Meeting News Coverage

Similar efficacy found between tedizolid, linezolid

DENVER — A 6-day course of once-daily tedizolid had similar efficacy compared with linezolid every 12 hours for 10 days for the treatment of patients with acute bacterial skin and skin structure infections, according to findings presented at the 2013 Interscience Conference on Antimicrobial Agents and Chemotherapy.

The two randomized, double-blind phase 3 studies compared 1,333 patients with acute bacterial skin and skin structure infections (ABSSSIs) treated with either 200 mg of tedizolid (TR-701, Trius Therapeutics) once daily or 600 mg of linezolid (Zyvox, Pfizer) every 12 hours for 10 days. Nearly 65%of the patients were male, and the average age was 44 years.

Researchers found that cellulitis was the most common ABSSSIs (tedizolid, 45.3%; linezolid, 45.9%), followed by major cutaneous abscess (tedizolid, 25.3%; linezolid, 24.8%) and wound infections (tedizolid, 29.4%; linezolid, 29.3%).

Treatment-emergent adverse events were similar among both groups (tedizolid, 42.8%; linezolid, 43.2%). However, gastrointestinal treatment-related adverse events were lower in the tedizolid group (16%) compared with the linezolid group (23%). Treatment-related adverse events severe enough to cease treatment were very low (tedizolid, 0.5%; linezolid, 0.9%), as were serious adverse events (tedizolid, 1.8%; linezolid, 2%).

“Overall [treatment-emergent adverse event] rates we similar between [tedizolid] and [linezolid] subjects, though fewer digestive events were observe among [tedizolid] subjects,” researchers wrote. “Fewer patients with abnormally low platelet counts were observe with [tedizolid] than with [linezolid].”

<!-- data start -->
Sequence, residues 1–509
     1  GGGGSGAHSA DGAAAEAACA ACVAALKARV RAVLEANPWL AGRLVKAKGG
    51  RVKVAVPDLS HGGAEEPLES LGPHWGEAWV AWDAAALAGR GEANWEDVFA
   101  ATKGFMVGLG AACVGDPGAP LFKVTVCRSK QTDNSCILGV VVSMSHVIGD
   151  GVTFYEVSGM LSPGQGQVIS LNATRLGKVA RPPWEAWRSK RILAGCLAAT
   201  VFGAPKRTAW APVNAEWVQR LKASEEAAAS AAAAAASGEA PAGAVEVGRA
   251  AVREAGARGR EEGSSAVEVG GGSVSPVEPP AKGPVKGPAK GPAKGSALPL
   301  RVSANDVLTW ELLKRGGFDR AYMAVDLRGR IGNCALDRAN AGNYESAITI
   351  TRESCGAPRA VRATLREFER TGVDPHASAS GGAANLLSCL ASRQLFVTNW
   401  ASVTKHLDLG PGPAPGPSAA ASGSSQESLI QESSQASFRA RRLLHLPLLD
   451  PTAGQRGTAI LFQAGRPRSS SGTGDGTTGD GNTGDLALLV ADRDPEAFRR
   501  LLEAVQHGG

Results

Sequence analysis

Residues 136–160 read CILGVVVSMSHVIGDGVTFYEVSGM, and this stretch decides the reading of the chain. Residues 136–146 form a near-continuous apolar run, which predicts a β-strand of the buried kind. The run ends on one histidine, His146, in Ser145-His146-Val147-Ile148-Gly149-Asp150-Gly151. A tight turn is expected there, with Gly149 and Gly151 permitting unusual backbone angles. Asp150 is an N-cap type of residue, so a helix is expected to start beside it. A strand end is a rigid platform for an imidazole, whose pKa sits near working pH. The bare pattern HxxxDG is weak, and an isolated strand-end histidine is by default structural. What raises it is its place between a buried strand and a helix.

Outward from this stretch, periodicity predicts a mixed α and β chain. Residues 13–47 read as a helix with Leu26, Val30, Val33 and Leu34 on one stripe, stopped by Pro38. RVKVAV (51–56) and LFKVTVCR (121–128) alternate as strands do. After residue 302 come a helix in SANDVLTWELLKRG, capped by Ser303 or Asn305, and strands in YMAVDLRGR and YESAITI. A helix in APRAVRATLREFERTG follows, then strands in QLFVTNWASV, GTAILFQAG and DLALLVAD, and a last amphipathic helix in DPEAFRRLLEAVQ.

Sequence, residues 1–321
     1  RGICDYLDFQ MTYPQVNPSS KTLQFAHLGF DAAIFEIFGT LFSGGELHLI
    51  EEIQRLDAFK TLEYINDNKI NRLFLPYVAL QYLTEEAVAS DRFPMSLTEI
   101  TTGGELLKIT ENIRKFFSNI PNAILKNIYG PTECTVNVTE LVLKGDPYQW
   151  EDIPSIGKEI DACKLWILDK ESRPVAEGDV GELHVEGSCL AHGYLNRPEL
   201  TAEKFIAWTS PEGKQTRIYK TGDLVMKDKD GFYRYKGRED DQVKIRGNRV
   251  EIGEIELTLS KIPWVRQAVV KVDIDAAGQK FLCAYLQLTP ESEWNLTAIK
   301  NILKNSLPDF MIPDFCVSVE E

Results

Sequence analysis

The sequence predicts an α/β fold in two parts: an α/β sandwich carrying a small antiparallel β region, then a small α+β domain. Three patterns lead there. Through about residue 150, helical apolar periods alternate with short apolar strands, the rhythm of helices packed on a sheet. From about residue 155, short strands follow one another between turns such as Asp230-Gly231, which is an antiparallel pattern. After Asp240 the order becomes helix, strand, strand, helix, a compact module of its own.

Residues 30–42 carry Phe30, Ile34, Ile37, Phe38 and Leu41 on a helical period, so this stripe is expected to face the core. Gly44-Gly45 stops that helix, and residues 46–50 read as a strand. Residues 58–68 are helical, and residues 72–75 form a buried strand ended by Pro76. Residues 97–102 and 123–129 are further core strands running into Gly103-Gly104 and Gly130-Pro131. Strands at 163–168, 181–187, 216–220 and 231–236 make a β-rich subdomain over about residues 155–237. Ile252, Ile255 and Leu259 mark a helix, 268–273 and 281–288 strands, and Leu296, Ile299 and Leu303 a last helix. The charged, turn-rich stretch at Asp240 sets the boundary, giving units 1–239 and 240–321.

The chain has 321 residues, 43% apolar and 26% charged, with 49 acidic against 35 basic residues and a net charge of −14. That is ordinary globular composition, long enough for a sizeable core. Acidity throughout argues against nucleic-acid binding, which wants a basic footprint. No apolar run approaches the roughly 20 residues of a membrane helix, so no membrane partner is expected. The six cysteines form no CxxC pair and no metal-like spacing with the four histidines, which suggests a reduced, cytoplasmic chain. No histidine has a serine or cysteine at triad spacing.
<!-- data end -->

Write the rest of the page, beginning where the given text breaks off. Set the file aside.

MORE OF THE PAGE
For more information:

De Anda C. Abstract #L-203. Presented at: ICAAC 2013; Sept. 9-13, 2013; Denver.

Disclosure: De Anda reports no relevant financial disclosures.

DENVER — A 6-day course of once-daily tedizolid had similar efficacy compared with linezolid every 12 hours for 10 days for the treatment of patients with acute bacterial skin and skin structure infections, according to findings presented at the 2013 Interscience Conference on Antimicrobial Agents and Chemotherapy.

The two randomized, double-blind phase 3 studies compared 1,333 patients with acute bacterial skin and skin structure infections (ABSSSIs) treated with either 200 mg of tedizolid (TR-701, Trius Therapeutics) once daily or 600 mg of linezolid (Zyvox, Pfizer) every 12 hours for 10 days. Nearly 65%of the patients were male, and the average age was 44 years.

Researchers found that cellulitis was the most common ABSSSIs (tedizolid, 45.3%; linezolid, 45.9%), followed by major cutaneous abscess (tedizolid, 25.3%; linezolid, 24.8%) and wound infections (tedizolid, 29.4%; linezolid, 29.3%).

Treatment-emergent adverse events were similar among both groups (tedizolid, 42.8%; linezolid, 43.2%). However, gastrointestinal treatment-related adverse events were lower in the tedizolid group (16%) compared with the linezolid group (23%). Treatment-related adverse events severe enough to cease treatment were very low (tedizolid, 0.5%; linezolid, 0.9%), as were serious adverse events (tedizolid, 1.8%; linezolid, 2%).

“Overall [treatment-emergent adverse event] rates we similar between [tedizolid] and [linezolid] subjects, though fewer digestive events were observe among [tedizolid] subjects,” researchers wrote. “Fewer patients with abnormally low platelet counts were observe with [tedizolid] than with [linezolid].”

For more information:

De Anda C. Abstract #L-203. Presented at: ICAAC 2013; Sept. 9-13, 2013; Denver.

Disclosure: De Anda reports no relevant financial disclosures.

    See more from Interscience Conference on Antimicrobial Agents and Chemotherapy (ICAAC)